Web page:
“Sweet Cement”: Occasioning Bathsheba Bowers’s An Alarm Sounded to Prepare the Inhabitants of the World to Meet the Lord in the Way of His Judgments

  • Nicholas K. Mohlmann


The eighteenth-century eccentric and Quaker writer Bathsheba Bowers persists, despite the obscurity and scarcity of her written work. Although she supposedly wrote many texts, only Bowers’s 1709 spiritual autobiography, An Alarm Sounded to Prepare the Inhabitants of the World to Meet the Lord in the Way of His Judgments survives. Bowers in her writing as in her life refused easy categorization and rejected traditional markers of social and religious status. This essay argues we might attribute Bowers’s endurance to the completeness with which she occupies a liminal position, writing in the space between public and private discourse, pride and piety, autobiography and prophecy, masculinity and femininity, poetry and prose. The author concludes An Alarm is useful in its anomaly as a record of a colonial American woman’s struggle to articulate a profound, idiosyncratic experience in a time and place where such experiences were not often given a voice.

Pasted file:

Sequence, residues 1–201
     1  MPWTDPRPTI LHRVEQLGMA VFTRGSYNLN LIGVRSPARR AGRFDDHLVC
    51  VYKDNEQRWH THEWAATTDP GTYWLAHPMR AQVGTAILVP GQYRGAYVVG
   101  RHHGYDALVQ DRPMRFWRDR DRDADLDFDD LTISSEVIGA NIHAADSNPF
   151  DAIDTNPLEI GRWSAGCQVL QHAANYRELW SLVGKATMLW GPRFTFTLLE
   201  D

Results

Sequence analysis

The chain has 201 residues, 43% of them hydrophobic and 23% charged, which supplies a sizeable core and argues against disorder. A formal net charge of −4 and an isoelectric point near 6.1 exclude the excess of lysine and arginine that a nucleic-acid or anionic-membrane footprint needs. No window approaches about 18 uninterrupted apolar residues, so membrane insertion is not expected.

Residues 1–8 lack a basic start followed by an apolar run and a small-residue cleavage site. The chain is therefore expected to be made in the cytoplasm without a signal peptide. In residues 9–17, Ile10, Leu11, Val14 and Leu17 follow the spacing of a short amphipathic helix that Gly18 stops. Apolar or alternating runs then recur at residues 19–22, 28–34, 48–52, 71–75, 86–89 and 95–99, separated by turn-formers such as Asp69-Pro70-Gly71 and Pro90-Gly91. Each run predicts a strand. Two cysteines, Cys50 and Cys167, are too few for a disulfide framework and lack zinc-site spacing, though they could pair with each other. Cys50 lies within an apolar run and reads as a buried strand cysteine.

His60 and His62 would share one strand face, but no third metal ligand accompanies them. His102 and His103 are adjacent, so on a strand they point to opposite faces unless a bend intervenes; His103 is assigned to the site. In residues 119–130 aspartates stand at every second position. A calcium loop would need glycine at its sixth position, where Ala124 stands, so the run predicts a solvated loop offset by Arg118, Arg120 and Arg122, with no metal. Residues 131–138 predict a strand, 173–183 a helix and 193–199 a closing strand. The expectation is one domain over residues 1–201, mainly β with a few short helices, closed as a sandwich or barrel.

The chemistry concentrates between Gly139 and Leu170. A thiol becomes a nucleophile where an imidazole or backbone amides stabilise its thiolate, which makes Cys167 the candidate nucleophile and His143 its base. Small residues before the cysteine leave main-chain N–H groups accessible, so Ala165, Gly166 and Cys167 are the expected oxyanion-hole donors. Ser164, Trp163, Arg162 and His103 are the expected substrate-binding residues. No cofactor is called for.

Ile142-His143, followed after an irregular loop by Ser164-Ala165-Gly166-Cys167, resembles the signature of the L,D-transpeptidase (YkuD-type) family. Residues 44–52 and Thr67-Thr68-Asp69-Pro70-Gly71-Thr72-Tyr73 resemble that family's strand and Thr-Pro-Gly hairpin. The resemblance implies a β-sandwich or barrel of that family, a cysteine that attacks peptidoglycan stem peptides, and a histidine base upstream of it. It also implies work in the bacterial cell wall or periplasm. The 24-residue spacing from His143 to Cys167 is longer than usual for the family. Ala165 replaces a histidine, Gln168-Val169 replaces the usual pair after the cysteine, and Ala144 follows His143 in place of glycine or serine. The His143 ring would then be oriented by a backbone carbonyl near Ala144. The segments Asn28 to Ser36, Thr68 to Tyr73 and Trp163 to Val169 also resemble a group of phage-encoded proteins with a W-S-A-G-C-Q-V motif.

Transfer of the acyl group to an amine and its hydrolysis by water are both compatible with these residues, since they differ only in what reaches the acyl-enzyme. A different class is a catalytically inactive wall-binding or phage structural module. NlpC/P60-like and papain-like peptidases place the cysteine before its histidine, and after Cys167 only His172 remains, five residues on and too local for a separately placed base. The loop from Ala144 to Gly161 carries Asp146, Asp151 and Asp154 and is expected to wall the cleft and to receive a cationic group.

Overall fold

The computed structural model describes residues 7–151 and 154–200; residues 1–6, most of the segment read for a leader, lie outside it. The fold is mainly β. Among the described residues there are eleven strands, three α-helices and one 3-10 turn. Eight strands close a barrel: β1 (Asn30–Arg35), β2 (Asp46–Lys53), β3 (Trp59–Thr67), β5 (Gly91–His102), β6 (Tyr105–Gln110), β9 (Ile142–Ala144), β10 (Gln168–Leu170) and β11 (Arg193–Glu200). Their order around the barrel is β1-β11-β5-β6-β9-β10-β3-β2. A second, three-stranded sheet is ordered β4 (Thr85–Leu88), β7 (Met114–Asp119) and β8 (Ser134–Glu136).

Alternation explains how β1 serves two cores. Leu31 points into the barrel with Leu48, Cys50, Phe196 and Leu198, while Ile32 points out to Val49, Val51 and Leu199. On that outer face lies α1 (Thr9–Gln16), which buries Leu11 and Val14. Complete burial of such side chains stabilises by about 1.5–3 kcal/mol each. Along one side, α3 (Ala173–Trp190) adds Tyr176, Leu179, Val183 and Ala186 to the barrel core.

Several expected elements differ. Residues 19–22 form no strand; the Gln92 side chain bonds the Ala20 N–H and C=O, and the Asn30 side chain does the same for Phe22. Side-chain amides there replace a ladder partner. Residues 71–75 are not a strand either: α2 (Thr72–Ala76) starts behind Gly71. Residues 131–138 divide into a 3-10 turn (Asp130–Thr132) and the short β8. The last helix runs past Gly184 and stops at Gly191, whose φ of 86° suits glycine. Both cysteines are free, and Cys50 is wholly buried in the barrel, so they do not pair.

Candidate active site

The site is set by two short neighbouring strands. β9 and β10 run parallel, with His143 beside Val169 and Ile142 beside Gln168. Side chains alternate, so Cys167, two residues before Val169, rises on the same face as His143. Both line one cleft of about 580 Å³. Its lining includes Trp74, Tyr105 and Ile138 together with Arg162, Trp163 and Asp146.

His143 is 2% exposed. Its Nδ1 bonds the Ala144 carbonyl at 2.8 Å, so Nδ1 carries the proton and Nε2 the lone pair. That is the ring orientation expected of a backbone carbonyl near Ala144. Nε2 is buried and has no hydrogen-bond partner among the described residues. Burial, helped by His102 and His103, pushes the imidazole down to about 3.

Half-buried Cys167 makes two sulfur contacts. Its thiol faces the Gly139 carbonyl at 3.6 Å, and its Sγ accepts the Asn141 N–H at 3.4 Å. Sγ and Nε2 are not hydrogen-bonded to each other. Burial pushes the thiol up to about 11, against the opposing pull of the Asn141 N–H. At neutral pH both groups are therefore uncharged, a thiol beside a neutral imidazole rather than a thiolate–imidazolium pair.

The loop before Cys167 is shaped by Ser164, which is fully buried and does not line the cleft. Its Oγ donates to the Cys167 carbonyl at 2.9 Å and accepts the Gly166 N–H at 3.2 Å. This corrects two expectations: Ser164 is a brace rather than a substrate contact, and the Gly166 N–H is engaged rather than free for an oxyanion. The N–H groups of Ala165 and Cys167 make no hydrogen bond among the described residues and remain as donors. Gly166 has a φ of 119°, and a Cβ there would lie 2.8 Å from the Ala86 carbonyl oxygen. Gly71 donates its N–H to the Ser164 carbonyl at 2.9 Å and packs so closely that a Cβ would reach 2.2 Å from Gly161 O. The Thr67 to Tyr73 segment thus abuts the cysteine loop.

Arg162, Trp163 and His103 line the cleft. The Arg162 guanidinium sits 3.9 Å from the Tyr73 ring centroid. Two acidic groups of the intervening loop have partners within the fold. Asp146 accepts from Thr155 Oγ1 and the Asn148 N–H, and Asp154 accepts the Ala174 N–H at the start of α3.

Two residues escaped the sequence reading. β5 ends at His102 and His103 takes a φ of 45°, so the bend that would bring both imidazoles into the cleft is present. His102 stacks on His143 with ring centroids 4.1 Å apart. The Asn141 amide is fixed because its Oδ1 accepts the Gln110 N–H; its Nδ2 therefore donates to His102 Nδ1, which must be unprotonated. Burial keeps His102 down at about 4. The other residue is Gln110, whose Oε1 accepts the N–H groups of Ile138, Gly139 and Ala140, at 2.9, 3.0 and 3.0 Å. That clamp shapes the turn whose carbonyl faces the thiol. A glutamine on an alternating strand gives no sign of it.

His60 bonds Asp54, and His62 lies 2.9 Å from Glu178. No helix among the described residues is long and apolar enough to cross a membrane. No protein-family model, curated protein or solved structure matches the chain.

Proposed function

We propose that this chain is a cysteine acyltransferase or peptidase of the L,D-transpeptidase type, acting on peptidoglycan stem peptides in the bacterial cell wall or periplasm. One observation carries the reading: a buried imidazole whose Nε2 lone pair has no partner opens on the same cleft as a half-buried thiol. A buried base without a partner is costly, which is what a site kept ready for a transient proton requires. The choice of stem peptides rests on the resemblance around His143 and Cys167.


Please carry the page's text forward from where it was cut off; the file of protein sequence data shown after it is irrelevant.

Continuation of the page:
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Copyright information

© The Author(s) 2018

Authors and Affiliations

  • Nicholas K. Mohlmann
    • 1
  1. 1.The University of West FloridaPensacolaUSA

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